3:05pm: Realizes that it is not like me to just forget to have lunch. Worried that I might be severely sick.
3:10pm: Feeling hungry. Phew.
3:12pm: Realizes in order for this to happen, must first get out of bed and into a place with more food. Like the kitchen. (The McGill education has really not gone to waste)

Anyways I think everyone should have a fall back meal for days you want to put minimal effort into making a fast and tasty meal. (No, Subway's not the answer!). For me it was cereal. Large handfuls, funnelled from box into mouth. Or it was, until I made this pasta with my friend Molly. It’s her mom’s recipe and a) can be ready in about 10 minutes b) only the pasta requires cooking c) it will make you really happy.

(Serves 2 really hungry people)
Extra virgin olive oil
4 Roma tomatoes (or about 1 cup of cherry tomatoes)
1 clove of garlic
1 container of bocconcini cheese pearls
Handful of mint or basil sprigs (or both)
Bow tie/penne pasta (or a pasta that can hold onto sauce)
Salt and pepper to taste

  1. Start by boiling the desired amount of pasta. While the pasta is boiling, pour around 4 tablespoons of extra virgin olive oil into a large bowl.
  2. Mince the garlic really finely and add it in the bowl so it can start to flavour the oil.
  3. Dice up the tomatoes and herbs. Add the tomatoes, herbs, bocconcini pearls and a generous sprinkle of salt and pepper to the olive oil.
  4. Drain the pasta when it is el dente, making sure to get rid of all the pasta water and add pasta to bowl.
  5. Immediately mix everything together so the heat from the pasta can slightly melt the bocconcini and warm the sauce. Add more salt and pepper to taste. 

Wednesday, September 21, 2011

Bruschetta egg scramble

Did I ever tell you about my pesky morning classes?

We met the first day of first year and were instantly inseparable. We would see each other every Monday to Friday and had a pretty good thing going. But pretty soon, I was showing up for our dates late and in sweatpants or stained t-shirts. The conversation was boring and I really needed the caffeine to get me through. Also, moving too fast too soon led to a panic attack sometime in October. I don't remember committing myself to do midterms, labs and assignments!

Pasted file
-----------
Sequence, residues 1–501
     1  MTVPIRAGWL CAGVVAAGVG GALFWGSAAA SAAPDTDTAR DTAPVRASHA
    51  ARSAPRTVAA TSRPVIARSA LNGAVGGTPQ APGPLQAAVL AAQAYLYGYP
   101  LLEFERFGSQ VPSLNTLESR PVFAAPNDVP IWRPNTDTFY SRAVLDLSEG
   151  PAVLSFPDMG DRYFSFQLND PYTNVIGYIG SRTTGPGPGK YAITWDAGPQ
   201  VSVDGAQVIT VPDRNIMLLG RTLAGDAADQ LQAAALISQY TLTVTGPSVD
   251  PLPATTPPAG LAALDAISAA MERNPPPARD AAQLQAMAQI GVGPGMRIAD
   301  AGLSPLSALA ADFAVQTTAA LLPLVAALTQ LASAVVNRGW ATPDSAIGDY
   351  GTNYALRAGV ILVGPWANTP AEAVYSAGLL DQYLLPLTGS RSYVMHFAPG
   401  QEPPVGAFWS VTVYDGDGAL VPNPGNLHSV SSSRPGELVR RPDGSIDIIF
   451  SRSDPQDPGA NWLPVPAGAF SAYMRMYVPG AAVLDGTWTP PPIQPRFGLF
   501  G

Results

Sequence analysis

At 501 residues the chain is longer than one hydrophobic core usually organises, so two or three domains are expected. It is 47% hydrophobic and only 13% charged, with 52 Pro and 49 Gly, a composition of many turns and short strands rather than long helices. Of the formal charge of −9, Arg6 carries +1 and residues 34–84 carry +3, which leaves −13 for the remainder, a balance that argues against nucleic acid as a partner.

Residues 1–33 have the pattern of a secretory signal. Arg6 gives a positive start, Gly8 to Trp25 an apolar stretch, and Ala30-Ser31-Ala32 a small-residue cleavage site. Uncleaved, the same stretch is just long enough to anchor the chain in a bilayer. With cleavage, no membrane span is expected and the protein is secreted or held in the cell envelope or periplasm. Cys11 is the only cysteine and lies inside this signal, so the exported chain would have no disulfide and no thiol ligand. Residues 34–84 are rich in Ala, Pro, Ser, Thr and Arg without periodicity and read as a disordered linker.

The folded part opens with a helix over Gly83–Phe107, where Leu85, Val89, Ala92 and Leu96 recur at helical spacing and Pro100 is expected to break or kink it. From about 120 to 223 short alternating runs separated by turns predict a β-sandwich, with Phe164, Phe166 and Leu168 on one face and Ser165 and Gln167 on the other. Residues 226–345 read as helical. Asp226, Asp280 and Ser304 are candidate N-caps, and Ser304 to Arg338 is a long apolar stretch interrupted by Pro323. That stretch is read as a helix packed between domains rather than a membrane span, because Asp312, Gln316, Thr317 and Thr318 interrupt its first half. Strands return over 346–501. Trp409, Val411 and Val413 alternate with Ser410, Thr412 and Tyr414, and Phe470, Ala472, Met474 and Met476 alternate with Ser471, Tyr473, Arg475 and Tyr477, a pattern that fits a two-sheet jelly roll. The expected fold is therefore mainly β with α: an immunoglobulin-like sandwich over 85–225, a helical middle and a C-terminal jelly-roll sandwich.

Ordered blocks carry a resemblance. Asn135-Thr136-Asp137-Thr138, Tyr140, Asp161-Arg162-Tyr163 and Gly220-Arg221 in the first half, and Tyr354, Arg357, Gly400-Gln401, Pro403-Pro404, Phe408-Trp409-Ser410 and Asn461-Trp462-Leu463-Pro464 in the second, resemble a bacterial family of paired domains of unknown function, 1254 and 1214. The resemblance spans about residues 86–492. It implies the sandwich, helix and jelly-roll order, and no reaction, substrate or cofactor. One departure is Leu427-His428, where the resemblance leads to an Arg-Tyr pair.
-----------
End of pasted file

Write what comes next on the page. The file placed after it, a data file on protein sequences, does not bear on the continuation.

Not wanting to grow apart, we spent even more time together outside of the classes in tutorial sessions and office hours. We decided to call it quits after the end of the semester and I even got rid of their textbooks and study manuals. But this semester, we have started seeing each other on a regular basis again, much to the warning words of my friends who just don’t think we are right for each other. I hope it works out this time!

So on weekends when I have the leisure of sleeping in, I'll make this bruschetta egg scramble and bacon for breakfast. And on weekday mornings, when I'm scrambling out the door with five minutes to make it to class, I'll make this for lunch. Basically eggs are good whenever.

1 medium sized tomato, chopped finely
2 eggs, beaten
Sprinkle each of garlic powder, salt, pepper, dried basil, thyme (optional), sage (optional)
Oil for cooking

Heat up a small pan (on medium) with a little oil and add in the tomatoes and spices. Cook the tomatoes until tender (1-2 min) and add the beaten eggs. Using a spatula, move the egg mixture around the pan until the eggs are cooked.  

Sunday, September 18, 2011

Chicken stew

Highlights from this weekend include: a house party turned 90s-music dance party, a three tiered chocolate peppermint cake, witnessing a lot of beer induced man love, sleeping until noon followed by a breakfast in the park of greasy Madonas pizza and fries, a collective food coma after an intense Greek themed potluck, watching six McGill students struggle at a child’s version of Cranium, and waking up to buttery Greek kourambiedes cookies for breakfast. Weekend win: 10000. Homework win: 0.